The umpire shall decide the conflict of interest between the assured and his insurers with final effect, but there are no enforcement measures vis-à-vis the assured if he does not comply with the umpire’s directions. The assured’s failure to do so will affect both the liability of an insurer in whose favour the umpire’s decision was made, and the payment of the litigation costs, cf. sub-clause 3. If the insurer wants to accept an offer of an out-of-court settlement or a court decision and is supported on this point by the umpire, he shall cover the liability which would have been imposed on the assured by the out-of-court settlement or a court decision, cf. first sentence. If the insurer wishes to lodge an appeal and is supported by the umpire, he will cover the liability he anticipated would be imposed on the assured by a superior court and which he has accordingly offered to cover. It is therefore important that, during the umpire’s consideration of the matter, the insurer makes it clear to him exactly what he wants to achieve by lodging an appeal. As mentioned in Cl. 4-21, the insurer does not in such situations have the right to pay out the sum insured for the liability and refuse any further involvement in the case.

    Should it turn out that the umpire was wrong, and the assured’s choice was justified so that the insurer in actual fact incurs less extensive liability than that which he had declared himself prepared to accept, it is reasonable that he shall also pay his proportionate share of the litigation costs. This is explicitly stated in the second sentence.

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    Clause 5-11. Decisions concerning legal proceedings or appeals

    If there is disagreement between the insurer and the assured concerning the institution of legal proceedings or the lodging of appeals, the matter shall be finally decided by an umpire appointed jointly by the Nordic average adjusters. The umpire shall choose the solution which, in its discretion...

  • Clause 5-12. Provision of security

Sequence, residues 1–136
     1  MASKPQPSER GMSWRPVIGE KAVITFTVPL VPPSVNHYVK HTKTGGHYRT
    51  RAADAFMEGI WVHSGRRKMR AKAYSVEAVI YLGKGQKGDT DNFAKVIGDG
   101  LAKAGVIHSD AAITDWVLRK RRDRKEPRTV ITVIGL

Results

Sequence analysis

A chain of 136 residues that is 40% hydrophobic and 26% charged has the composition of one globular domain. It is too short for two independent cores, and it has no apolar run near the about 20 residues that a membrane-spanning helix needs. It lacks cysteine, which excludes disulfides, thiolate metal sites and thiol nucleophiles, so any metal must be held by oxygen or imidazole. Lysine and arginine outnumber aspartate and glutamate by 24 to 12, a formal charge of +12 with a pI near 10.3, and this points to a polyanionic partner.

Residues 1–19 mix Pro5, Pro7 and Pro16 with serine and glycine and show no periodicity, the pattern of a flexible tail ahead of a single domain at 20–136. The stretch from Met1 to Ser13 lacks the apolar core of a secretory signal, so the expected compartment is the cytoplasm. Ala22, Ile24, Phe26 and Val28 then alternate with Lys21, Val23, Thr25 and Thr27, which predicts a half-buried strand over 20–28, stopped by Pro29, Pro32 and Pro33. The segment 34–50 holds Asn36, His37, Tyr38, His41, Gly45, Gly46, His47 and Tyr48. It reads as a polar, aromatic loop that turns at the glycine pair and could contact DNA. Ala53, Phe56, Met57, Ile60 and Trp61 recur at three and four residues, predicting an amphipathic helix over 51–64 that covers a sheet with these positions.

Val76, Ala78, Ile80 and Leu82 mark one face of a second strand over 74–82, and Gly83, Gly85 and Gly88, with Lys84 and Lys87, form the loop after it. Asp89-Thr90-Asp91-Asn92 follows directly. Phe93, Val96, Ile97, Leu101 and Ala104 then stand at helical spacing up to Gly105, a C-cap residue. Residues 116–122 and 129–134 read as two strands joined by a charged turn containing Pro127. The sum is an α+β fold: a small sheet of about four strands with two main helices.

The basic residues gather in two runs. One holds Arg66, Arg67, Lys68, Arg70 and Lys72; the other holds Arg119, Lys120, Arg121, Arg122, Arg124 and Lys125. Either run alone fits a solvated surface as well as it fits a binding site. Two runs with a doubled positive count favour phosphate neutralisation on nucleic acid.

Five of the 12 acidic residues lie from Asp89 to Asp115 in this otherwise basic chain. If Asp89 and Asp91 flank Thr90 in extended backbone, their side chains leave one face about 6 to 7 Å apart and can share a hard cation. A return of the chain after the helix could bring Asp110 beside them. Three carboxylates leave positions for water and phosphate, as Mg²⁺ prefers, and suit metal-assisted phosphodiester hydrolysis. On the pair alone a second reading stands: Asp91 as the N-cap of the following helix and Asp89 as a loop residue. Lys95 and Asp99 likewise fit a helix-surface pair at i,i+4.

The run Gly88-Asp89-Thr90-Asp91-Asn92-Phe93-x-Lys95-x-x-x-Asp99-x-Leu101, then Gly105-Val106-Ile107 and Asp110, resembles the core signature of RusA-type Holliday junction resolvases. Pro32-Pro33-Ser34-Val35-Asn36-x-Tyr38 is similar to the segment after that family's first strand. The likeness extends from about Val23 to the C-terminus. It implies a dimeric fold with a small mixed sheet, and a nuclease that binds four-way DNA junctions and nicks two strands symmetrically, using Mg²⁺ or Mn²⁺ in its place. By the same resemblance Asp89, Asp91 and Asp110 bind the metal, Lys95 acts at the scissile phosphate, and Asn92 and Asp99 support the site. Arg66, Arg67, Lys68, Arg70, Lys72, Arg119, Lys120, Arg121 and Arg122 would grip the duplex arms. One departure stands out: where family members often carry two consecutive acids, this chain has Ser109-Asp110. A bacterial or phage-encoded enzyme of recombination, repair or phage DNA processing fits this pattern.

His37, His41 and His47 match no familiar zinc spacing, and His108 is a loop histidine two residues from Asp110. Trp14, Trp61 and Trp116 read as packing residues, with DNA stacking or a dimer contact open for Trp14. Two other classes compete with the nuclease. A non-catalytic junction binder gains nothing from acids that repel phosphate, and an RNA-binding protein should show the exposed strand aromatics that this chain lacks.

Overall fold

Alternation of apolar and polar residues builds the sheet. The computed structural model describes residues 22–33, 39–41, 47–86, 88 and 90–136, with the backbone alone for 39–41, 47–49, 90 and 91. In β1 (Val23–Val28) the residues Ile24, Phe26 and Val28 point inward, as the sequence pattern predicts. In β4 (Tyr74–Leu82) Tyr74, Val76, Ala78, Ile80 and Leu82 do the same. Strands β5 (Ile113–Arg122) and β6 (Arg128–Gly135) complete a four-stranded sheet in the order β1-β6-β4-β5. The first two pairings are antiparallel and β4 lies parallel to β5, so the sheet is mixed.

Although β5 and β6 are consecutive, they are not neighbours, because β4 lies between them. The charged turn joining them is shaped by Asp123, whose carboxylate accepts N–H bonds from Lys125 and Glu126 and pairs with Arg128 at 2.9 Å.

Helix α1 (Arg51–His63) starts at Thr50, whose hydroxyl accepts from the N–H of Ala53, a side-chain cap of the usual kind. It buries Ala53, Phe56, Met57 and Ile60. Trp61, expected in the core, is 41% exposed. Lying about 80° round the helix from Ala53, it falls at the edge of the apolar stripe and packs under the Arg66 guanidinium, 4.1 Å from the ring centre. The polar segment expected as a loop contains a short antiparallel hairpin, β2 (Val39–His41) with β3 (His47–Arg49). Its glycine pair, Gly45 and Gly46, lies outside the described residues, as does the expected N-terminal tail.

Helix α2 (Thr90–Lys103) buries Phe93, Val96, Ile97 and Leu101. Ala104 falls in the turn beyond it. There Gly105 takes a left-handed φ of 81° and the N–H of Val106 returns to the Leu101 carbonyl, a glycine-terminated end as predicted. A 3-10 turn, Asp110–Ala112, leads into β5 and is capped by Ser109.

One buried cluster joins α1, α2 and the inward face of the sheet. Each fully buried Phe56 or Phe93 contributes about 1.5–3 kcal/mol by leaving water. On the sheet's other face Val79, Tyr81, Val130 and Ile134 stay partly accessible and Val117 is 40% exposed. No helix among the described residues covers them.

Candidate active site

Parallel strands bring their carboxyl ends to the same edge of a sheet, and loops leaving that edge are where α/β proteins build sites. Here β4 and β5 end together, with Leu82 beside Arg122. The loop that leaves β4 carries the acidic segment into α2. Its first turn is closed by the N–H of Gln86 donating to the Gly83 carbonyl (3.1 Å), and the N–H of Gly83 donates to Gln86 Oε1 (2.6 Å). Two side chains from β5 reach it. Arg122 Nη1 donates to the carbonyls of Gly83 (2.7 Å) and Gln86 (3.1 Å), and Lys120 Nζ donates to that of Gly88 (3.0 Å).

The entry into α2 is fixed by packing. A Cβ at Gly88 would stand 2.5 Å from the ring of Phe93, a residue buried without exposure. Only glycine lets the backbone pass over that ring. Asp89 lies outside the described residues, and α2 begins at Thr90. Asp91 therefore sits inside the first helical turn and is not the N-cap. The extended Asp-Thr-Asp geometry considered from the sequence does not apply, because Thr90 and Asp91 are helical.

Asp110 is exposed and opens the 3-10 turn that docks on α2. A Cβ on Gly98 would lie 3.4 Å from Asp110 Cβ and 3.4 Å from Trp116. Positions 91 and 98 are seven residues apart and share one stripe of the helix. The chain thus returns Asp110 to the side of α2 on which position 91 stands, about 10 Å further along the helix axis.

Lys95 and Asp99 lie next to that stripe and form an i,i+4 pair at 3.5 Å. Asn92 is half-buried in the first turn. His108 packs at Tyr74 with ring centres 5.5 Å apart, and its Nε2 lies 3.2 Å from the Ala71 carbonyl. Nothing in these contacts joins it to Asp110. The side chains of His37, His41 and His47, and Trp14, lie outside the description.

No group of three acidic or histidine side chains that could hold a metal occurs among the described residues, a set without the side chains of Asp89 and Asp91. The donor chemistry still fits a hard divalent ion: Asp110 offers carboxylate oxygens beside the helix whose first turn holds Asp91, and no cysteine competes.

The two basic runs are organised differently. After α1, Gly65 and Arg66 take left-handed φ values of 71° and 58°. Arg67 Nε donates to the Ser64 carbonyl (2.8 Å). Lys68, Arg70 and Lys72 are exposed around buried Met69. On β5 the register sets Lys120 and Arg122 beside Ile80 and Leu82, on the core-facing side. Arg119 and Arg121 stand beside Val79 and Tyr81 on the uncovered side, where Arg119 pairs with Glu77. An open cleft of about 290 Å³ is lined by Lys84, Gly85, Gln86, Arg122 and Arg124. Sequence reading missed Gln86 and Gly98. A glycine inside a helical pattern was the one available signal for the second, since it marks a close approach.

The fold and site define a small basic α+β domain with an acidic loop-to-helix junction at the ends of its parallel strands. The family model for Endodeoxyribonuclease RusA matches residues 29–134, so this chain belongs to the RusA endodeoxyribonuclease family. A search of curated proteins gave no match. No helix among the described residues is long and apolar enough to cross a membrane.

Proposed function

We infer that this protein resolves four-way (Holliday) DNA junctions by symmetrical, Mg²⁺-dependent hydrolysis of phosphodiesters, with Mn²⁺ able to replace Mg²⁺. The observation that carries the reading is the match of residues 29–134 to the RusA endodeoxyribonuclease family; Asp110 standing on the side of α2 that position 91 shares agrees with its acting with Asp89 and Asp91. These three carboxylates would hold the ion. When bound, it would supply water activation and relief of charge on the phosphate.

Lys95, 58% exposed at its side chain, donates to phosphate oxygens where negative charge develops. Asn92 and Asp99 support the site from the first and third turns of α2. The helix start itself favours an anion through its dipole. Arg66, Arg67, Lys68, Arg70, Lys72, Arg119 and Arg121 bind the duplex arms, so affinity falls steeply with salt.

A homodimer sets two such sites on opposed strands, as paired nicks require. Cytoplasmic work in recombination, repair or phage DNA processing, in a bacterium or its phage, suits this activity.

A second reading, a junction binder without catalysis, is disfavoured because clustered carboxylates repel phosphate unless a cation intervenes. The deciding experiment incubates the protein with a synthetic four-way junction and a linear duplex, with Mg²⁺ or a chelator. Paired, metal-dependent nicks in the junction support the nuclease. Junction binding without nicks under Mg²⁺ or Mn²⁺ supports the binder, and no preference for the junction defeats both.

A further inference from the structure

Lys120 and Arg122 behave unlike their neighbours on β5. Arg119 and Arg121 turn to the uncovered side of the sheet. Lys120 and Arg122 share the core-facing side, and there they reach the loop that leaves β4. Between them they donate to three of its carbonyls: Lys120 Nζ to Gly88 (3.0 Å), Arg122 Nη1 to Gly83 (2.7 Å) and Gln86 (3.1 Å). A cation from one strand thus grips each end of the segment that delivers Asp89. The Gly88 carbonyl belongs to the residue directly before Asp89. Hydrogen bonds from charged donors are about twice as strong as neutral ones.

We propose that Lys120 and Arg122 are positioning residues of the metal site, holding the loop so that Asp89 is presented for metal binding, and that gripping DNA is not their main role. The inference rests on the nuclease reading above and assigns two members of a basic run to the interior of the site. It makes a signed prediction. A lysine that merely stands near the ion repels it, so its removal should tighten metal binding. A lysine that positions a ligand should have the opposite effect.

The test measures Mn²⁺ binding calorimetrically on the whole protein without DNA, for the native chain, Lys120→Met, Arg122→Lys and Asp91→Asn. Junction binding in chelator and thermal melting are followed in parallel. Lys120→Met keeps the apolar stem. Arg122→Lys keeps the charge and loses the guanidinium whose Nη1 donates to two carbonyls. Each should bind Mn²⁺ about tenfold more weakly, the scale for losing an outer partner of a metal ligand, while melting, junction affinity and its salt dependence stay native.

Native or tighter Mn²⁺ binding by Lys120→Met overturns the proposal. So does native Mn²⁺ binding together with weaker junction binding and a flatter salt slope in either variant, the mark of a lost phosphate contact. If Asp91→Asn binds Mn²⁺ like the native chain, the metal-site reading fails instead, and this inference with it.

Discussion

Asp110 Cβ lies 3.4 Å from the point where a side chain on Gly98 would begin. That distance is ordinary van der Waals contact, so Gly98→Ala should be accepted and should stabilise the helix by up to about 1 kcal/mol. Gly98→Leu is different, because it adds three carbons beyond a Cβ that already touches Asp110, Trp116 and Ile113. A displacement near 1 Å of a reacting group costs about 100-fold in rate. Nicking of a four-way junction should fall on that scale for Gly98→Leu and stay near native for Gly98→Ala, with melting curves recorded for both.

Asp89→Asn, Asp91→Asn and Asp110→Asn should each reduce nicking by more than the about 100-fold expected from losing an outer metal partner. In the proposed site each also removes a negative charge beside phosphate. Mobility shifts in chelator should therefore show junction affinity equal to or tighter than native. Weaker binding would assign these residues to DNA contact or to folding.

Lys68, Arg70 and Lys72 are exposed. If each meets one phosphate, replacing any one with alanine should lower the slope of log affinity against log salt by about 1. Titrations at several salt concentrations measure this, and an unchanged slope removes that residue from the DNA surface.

Under sub-clause 1, the insurer has no legal obligation to provide security. Such an obligation could result in liability for him vis-à-vis the assured in cases where the security is provided too late, or where no security is provided at all due to unforeseen difficulties. However, in practice the claims leader will, to a large extent and at the assured’s request, provide security for liability covered by the insurance, and this practice will obviously continue. If the insurer refuses to provide security, and the assured is able to document that this refusal constitutes arbitrary discrimination, he may claim compensation from the insurer.

    Sub-clause 2 states explicitly that the provision of security does not imply an acceptance of liability.

    The costs involved in the provision of security constitute an expense that follows from the fact that liability has been invoked against the assured. If the insurer covers the liability, he must also cover these costs. However, if it turns out that the liability does not concern him, he will be able to claim a refund of his expenses from the assured, cf. sub-clause 3.

    The questions which arise in the relationship between the claims leader and the co-insurers in connection with the provision of security are discussed in Cl. 9-7.

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    Clause 5-12. Provision of security

    The insurer has no obligation to provide security for the assured's liability to third parties. The provision of such security by the insurer in no way affects the question of  its liability to the assured. If the insurer has provided security for a liability which is proved not to concern it , t...